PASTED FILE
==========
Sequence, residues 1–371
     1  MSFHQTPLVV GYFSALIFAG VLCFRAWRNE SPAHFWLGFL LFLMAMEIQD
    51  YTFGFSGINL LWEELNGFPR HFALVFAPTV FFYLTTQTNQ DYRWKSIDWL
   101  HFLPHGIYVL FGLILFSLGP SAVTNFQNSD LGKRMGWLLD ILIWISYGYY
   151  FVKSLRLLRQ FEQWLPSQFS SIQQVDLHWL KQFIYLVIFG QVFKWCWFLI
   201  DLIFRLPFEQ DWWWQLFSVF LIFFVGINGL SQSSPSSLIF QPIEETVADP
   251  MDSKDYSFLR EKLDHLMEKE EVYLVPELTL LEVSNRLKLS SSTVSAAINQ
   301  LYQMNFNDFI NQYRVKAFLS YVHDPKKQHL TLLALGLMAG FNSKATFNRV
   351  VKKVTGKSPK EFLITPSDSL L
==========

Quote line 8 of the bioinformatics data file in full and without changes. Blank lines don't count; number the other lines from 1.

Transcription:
   301  LYQMNFNDFI NQYRVKAFLS YVHDPKKQHL TLLALGLMAG FNSKATFNRV